That is a plane performing a dropsonde mission of the atmosphere around the storm. It's probably picking up those winds in the sheared thunderstorms just off the northern coast of the Dominican Republic from what I can tell.


Actually, I this isn't the upper air mission. It is a C-130 so they will be going in to the storm for center fixes. It just left from Miami instead of from the Islands so it is in route to the storm now.
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Quoting A4Guy:
what is with the ATCF images not updating after the 12Z early cycle? Yesterday,they never updated after that, and today they are not updating either.

personally...i am very confused by the time designaitons. I know Z is "zulu time" - which is 4 hrs ahead of ET...but I can never figure out when the runs really update, and the diffs between the early and late runs. probably explained onthe NHC site, but I have been alittle lazy about looking. :)


Today ATCF has been keeping up to the forecast cycles. Eary/Late is explained in the NHC Annual Verification Report:


Numerous objective forecast aids (guidance models) are available to help the
NHC in the preparation of official track and intensity forecasts. Guidance models are
characterized as either early or late, depending on whether or not they are available to the
forecaster during the forecast cycle. For example, consider the 1200 UTC (12Z) forecast
cycle, which begins with the 12Z synoptic time and ends with the release of an official
forecast at 15Z. The 12Z run of the National Weather Service/Global Forecast System
(GFS) model is not complete and available to the forecaster until about 16Z, or about an
hour after the NHC forecast is released. Consequently, the 12Z GFS would be
considered a late model since it could not be used to prepare the 12Z official forecast.
This report focuses on the verification of early models.
Multi-layer dynamical models are generally, if not always, late models.
Fortunately, a technique exists to take the most recent available run of a late model and
adjust its forecast to apply to the current synoptic time and initial conditions. In the
example above, forecast data for hours 6-12 h from the previous (06Z) run of the GFS
would be smoothed and then adjusted, or shifted, such that the 6-h forecast (valid at 12Z)
would match the observed 12Z position and intensity of the tropical cyclone. The
adjustment process creates an “early” version of the GFS model for the 12Z forecast
cycle that is based on the most current available guidance. The adjusted versions of the
late models are known, mostly for historical reasons, as interpolated models. The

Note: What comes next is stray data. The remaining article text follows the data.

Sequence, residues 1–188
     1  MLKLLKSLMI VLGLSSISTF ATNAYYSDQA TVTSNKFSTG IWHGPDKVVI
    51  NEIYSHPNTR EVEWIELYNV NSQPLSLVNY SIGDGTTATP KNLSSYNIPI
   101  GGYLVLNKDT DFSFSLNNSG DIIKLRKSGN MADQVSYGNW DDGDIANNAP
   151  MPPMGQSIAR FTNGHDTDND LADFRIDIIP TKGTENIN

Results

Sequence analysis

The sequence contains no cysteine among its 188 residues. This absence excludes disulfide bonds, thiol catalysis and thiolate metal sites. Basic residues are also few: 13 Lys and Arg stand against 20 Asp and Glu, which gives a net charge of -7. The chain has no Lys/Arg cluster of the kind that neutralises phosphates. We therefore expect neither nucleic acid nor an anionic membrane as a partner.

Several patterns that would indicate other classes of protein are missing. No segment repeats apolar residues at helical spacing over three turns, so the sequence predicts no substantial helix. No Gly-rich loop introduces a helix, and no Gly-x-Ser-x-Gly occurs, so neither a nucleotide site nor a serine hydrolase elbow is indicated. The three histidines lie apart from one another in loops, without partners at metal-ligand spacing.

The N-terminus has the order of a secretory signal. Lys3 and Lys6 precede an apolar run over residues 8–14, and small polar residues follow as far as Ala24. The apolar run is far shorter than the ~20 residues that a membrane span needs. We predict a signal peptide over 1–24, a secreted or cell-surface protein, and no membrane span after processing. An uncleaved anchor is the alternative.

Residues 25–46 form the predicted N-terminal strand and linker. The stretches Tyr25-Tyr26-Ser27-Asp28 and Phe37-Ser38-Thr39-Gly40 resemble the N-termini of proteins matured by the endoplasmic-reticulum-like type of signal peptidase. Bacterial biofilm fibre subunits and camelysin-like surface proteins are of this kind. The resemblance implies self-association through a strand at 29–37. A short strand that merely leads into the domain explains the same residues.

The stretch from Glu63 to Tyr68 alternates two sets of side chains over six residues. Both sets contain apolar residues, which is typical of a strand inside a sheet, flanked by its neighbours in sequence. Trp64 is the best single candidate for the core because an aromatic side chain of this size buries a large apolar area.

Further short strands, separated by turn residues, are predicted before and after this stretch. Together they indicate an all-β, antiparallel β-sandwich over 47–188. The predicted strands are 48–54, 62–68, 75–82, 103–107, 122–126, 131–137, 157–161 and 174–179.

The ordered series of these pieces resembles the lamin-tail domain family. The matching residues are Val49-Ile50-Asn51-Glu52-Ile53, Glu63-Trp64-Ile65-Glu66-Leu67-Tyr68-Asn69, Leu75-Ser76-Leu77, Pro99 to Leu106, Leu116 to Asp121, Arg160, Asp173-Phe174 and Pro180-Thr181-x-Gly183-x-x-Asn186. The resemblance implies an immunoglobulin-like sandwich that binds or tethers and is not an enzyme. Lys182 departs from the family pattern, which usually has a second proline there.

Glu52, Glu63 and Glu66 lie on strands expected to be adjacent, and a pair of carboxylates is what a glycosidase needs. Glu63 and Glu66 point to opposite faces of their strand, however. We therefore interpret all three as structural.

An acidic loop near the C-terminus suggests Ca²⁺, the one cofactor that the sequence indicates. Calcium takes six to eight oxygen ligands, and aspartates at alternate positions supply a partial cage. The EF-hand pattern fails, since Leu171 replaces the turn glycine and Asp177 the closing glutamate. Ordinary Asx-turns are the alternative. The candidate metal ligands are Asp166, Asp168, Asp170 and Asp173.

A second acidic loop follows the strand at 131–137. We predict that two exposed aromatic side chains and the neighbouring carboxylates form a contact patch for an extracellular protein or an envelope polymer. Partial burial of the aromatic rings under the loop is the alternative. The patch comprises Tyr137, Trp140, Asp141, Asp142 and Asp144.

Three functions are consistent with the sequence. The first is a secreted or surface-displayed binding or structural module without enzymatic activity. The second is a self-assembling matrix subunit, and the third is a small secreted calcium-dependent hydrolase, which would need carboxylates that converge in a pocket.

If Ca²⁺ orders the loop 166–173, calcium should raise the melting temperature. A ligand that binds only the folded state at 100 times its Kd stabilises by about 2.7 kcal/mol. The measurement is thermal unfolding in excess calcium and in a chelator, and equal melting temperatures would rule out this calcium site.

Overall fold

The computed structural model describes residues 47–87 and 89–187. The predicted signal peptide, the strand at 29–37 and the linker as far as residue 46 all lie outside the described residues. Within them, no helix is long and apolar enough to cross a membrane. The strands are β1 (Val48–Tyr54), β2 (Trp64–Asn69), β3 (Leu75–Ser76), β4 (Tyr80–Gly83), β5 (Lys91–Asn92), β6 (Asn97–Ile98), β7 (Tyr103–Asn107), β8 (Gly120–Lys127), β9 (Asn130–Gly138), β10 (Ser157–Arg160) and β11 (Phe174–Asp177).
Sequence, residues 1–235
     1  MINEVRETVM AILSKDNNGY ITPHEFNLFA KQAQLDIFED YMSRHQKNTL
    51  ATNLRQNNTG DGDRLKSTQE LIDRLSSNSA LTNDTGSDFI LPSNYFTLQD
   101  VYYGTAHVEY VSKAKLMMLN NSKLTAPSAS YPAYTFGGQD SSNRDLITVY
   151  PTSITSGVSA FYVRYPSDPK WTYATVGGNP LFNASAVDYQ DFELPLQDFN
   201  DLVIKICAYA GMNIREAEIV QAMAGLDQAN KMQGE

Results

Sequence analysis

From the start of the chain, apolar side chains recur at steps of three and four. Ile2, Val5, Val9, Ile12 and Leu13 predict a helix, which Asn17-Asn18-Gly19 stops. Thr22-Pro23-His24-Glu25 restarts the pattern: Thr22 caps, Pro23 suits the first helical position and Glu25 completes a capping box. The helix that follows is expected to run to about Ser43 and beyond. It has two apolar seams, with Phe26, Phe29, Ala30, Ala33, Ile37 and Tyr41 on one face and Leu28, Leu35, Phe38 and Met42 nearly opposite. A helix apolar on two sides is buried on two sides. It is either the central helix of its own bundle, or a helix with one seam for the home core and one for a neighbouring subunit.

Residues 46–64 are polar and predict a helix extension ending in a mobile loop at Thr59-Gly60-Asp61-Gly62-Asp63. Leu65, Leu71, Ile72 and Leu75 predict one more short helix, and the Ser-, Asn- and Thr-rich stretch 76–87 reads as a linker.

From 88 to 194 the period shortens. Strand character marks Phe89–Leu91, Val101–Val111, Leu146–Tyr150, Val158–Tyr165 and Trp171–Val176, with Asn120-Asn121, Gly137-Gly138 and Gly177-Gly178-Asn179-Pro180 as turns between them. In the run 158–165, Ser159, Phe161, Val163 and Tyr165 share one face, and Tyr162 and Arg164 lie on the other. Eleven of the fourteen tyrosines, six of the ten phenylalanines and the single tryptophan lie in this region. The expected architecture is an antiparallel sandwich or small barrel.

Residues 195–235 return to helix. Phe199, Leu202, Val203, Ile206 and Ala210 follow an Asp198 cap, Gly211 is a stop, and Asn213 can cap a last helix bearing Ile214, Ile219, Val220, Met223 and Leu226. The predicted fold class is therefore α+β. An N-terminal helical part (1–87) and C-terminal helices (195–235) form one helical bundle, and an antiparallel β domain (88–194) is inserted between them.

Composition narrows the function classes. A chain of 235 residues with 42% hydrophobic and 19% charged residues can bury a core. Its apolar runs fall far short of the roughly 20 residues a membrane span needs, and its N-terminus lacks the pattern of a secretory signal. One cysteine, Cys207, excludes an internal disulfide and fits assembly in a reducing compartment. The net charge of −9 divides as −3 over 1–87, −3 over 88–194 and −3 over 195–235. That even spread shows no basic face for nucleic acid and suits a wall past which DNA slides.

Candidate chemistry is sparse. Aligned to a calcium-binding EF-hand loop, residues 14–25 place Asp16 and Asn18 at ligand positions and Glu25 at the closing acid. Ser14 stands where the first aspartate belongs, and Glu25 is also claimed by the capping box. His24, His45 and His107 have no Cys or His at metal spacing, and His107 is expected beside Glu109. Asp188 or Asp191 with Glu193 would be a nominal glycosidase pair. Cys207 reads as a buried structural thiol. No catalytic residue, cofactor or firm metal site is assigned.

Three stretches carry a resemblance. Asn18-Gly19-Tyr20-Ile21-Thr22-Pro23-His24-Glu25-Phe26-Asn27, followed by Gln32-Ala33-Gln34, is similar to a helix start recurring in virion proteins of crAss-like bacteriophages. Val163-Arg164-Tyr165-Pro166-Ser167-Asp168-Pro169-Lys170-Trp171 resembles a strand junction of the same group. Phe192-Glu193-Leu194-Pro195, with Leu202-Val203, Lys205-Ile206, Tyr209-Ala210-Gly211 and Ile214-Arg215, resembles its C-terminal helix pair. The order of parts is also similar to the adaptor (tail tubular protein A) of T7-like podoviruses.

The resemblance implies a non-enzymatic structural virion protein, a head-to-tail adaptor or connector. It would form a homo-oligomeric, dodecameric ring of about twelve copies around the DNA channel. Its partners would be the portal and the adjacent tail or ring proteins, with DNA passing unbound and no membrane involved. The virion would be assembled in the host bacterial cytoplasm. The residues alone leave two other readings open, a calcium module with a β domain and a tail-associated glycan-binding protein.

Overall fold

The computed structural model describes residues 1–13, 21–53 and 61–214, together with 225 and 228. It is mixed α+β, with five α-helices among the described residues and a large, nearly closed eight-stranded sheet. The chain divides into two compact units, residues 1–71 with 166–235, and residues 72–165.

adjustment algorithm is invoked as long as the most recent available late model is not
more than 12 h old, e.g., a 00Z late model could be used to form an interpolated model
for the subsequent 06Z or 12Z forecast cycles, but not for the subsequent 18Z cycle.
When the technique to create an early model from a late model was first developed, forecast output from
the late models was available only at 12 h (or longer) intervals. In order to shift the late model’s forecasts
forward by 6 hours, it was necessary to first interpolate between the 12 h forecast values of the late model –
hence the designation “interpolated”.
Verification procedures here make no distinction between 6 h and 12 h interpolated
models.
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Isaac is closer to an open wave than a hurricane right now. Don't know if he will ever be able to develop a strong core to intensify.
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Whats up with the NAM? Model is way east
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REPOST
The Latest
(click to enlarge)



Member Since: June 29, 2009 Posts: 13 Comments: 5313
Quoting GetReal:
700-850mb



500-850mb


There is no doubt that Isaac is going to go much more further west, until it reaches the NW Caribbean.

Correct. NHC's assumption of going WNW and NW to Haiti relies on the fact Issac reaching hurricane status near Haiti. IF that doesn't happen and then more WEST he goes!
Member Since: June 26, 2012 Posts: 0 Comments: 297
Quoting DocBen:
Are Isaac and Joyce close enough to interact with the tracks? Can't recall the name of the 'dance' but the one where they tend to go counterclockwise to each other. Would push joyce north and Isaac more west (keeping south)
It's called a Fujiwhara Interaction which causes two storms in close proximity to each other to orbit around a point. Link

Actually I discussed this scenario a couple days ago and have not at all discount this from happening. 1950 Hurricane's Dog and Easy had an Fujiwhara interaction and the locations seem to be similar with the predictions being made by the various computer models. If that were to occur it would bring Isaac more towards the East and Joyce towards the NW.
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I think the LLCOC is near 14.8N 66W
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Quoting GetReal:
700-850mb



500-850mb


There is no doubt that Isaac is going to go much more further west, until it reaches the NW Caribbean.


steering currents do not stay constant, I think we are already starting to see the WNW movement now
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Quoting sunlinepr:

That storm is massive, even by WPac standards.

Member Since: August 2, 2006 Posts: 46 Comments: 11668

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Jeff co-founded the Weather Underground in 1995 while working on his Ph.D. He flew with the NOAA Hurricane Hunters from 1986-1990.